Friday, February 19, 2010

Dots, Dashes and Stops

My last post, about how communications technology affects the way we tell stories, has given me a great excuse to talk about one of my very favourite things: telegrams.

I'm fond of telegrams. I like old things that involve words.

I own a telegram, actually. My dad's old company sent it to my parents a few days after I was born, congratulating them (kind of a cool thing to own, right?), so it's 26 years old. I can't remember the last time I heard anyone mention a telegram, apart from me mentioning my one. And when he was growing up, my dad worked as a telegram boy in his local post office, and loved it, and wanted to do it for the rest of his life. He might have, except that someone intervened and he became an engineer (which he also loved).

In their time, telegrams were not just a form of communication, they were an art. As they were usually charged by the word, it was in the interest of the sender to keep them short. Robert Benchley's famous telegram to Harold Ross when he arrived in Venice was a masterpiece of brevity: Streets full of water. Please advise.

Will Rogers used to do the world's shortest pre-Twitter column, by sending a daily telegram that was syndicated all over the world. They can be found here and some of them are pretty good.

Then there's Mark Twain's 'Rumours of my death have been greatly exaggerated', which was delivered by telegram, Peter Sellers cabling his wife downstairs to ask her to bring him up a coffee [my mother and I, when we lived together, used to text each other rather than calling from room to room, which we felt was vulgar. Our house is *really* small], and the lovely telegram sent by a British biologist investigating platypus eggs: Monotremes Oviparous, Ovum Meroblastic. Indeed, and so say all of us.

JFK used to joke that he received a telegram from his father during his election campaign that said Dear Jack. Don't buy one more vote than necessary. I'll be damned if I pay for a landslide.

Some classic put-downs were delivered by telegram. I quite like this exchange between George Bernard Shaw and Winston Churchill, even though I'm sure it's apocryphal. Shaw sent Churchill tickets to his opening night.
Shaw: Here are two tickets. Bring a friend, if you have one.
Churchill: Impossible to make it opening night. Will attend second night, if you have one.

And Dorothy Parker famously cabled a friend of hers who had just given birth (and who had been boring Dorothy senseless about her pregnancy) to say Congrats Mary - we all knew you had it in you.

When I first started college, I had only owned a mobile phone for a few months and I lived in hope that text messages would take over from telegrams when it came to providing short funny anecdotes like these.

Hasn't happened yet.

I was also hoping Twitter or Facebook might do it, but alas not yet. Either we're getting less funny, or our celebrities getting more crap, or maybe there is just such a massive volume of content being generated nowadays that anything funny gets lost. Whatever it is, I miss telegrams.

7 comments:

  1. Hi

    Oh thank you for sharing these fabulous telegrams - made my morning, they really did - witty and funny.
    Please do not talk to me about the dreaded txt messaging. Sorry but for me that's the worst thing mobile phones have introduced. TXT-ing. Pure laziness - grrrrr!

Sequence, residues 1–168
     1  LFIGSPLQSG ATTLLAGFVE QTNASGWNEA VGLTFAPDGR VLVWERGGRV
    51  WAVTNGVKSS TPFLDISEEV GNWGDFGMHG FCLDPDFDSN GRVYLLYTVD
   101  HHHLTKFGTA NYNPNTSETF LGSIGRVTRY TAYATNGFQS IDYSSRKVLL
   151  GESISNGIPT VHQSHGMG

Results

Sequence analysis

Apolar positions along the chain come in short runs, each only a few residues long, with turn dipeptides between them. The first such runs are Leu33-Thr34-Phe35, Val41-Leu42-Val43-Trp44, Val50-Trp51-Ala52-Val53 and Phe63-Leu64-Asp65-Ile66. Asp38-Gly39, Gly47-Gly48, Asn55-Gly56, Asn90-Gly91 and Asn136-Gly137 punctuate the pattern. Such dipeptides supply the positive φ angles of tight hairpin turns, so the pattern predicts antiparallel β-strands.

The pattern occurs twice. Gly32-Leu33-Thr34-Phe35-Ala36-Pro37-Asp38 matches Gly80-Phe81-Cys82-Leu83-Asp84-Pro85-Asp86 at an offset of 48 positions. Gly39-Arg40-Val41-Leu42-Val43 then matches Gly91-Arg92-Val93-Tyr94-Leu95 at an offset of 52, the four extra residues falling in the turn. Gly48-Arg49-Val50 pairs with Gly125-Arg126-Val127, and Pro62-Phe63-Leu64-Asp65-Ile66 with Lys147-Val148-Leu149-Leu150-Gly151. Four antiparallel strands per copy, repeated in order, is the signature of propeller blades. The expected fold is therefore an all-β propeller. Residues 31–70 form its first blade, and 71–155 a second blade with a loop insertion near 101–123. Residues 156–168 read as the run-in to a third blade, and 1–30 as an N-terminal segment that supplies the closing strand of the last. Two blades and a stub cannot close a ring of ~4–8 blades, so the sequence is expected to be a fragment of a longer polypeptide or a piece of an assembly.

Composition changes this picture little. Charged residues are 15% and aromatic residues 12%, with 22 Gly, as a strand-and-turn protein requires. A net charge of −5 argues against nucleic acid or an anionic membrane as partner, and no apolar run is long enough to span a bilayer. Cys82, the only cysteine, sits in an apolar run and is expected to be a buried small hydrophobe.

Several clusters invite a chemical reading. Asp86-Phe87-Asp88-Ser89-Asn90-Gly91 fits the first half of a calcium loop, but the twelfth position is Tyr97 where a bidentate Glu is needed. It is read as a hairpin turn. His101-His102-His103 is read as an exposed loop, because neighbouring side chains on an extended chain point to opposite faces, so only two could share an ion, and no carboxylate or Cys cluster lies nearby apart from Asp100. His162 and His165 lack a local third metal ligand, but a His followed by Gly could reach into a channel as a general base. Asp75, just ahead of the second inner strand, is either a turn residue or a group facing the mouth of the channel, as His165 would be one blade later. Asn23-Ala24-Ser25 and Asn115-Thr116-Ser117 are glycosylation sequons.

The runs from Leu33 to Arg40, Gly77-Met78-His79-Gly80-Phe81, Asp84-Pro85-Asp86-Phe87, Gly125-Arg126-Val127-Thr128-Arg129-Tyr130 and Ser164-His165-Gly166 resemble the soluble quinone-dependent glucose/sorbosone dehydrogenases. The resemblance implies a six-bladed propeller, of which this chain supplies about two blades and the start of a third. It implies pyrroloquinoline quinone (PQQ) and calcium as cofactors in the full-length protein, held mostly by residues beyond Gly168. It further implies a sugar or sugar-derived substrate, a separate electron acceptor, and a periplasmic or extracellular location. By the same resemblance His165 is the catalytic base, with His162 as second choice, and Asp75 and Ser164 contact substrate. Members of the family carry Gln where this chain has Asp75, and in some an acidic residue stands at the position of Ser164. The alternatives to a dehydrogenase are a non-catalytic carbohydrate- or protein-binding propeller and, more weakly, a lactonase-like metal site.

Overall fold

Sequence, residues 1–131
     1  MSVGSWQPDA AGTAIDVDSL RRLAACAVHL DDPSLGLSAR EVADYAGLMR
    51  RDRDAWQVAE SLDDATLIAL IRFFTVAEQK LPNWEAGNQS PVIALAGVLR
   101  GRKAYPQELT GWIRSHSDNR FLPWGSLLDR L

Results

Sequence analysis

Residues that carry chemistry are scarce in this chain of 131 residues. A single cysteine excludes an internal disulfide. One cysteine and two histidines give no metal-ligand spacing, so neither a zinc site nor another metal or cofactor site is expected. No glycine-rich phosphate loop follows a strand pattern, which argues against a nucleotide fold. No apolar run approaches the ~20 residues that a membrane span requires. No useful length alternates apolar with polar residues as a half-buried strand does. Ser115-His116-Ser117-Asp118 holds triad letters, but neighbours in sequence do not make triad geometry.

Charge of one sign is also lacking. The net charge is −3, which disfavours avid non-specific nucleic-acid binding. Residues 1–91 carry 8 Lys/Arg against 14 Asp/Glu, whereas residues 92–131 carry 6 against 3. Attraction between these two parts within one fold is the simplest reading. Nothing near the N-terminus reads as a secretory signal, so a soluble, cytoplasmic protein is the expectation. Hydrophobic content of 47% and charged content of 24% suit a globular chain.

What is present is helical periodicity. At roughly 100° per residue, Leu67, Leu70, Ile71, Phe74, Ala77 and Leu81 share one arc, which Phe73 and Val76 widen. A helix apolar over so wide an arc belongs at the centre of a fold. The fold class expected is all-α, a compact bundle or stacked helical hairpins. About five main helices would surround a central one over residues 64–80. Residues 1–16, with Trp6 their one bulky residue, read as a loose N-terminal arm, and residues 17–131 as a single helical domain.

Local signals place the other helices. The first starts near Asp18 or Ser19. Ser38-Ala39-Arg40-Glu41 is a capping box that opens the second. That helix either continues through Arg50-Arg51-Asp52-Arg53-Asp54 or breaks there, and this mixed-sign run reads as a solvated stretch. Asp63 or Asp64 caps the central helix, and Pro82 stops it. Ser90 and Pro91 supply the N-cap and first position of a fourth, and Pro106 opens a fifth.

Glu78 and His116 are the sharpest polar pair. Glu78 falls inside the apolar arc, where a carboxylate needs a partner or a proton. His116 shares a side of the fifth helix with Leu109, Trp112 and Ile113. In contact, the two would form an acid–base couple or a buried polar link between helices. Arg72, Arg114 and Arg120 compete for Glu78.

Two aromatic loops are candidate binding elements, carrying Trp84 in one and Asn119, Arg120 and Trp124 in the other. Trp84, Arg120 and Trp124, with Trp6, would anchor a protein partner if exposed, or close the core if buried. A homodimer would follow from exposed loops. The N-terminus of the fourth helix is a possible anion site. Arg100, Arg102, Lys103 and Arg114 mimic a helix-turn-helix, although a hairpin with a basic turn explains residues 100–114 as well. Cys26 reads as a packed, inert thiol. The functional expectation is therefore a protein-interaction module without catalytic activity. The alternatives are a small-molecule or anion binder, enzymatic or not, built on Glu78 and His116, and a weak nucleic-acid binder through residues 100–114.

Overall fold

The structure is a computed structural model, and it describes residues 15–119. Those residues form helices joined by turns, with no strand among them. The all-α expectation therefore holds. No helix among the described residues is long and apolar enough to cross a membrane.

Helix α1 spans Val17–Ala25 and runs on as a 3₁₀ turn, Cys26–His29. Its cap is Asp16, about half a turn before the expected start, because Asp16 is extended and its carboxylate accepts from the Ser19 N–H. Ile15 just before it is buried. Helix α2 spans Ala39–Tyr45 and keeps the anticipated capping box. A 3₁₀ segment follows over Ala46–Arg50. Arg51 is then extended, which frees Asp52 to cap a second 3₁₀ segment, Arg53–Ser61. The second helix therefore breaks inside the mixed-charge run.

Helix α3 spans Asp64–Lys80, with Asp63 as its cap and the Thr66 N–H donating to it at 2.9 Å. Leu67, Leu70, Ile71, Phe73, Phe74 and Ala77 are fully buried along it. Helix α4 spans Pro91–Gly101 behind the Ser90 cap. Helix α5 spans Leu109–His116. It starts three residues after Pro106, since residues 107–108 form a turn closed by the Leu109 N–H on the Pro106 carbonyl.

LOL!

    Take care
    x

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  2. I enjoyed the stroll down memory lane. I have lots of telegrams. Ones I received on my wedding day and the ones I received the day each of my four children were born. Wonderful, precious memories. I didn't realize they didn't exist anymore, until I tried to send one to a niece for her wedding day. Ended up sending an email to the hotel! Not quite the same thing.

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  3. I've never received a telegram - never sent one either. I wouldn't know how to!

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  4. Kitty, I'm glad you liked the post - I mentioned telegrams in passing in the last post and went off on a huge tangent and realised my tangent was a whole other post :) I'm a bit of a text nut, I have to admit, but I never use txt spk. I occasionally say 'btw' instead of 'by the way', but really I should just train myself to stop using that phrase altogether. It's pretty redundant a lot of them time!

    Ann, I often tell myself that I really must print all of those emails and type up those text messages from special moments and events. It must be great to have telegrams to keep. I always liked the tradition of sending telegrams to weddings and I'm sorry to see it go. Email just isn't the same!

    Donna, I have no idea either. I'd just have to trust the professionals but there's so few of them. And technically I never received one either, the one I have was sent to my parents and I . . . misappropriated it on a visit home :)

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  5. I love this topic...I think if expanded a bit it would make a great opinion piece for a paper.

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  6. I'm a cat and I know what telegrams are! Yep. During Christmas, I watched a good movie, "It's A Wonderful Life" with my human Tommy (she thinks SHE's hilarious--she's not) Anyway, George gets a telegram from a classmate who wires him money--and I thought that was such a neat for humans to talk to each other--they don't seem to do that much anymore...I liked your post.

    I'm a cat and I know good when I read it!

    Noir**

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  7. Thanks, Anonymous, I'll give that some thought.

    Noir, I haven't seen that movie (I know, shame on me. . .) but thanks for another example of a famous telegram :)

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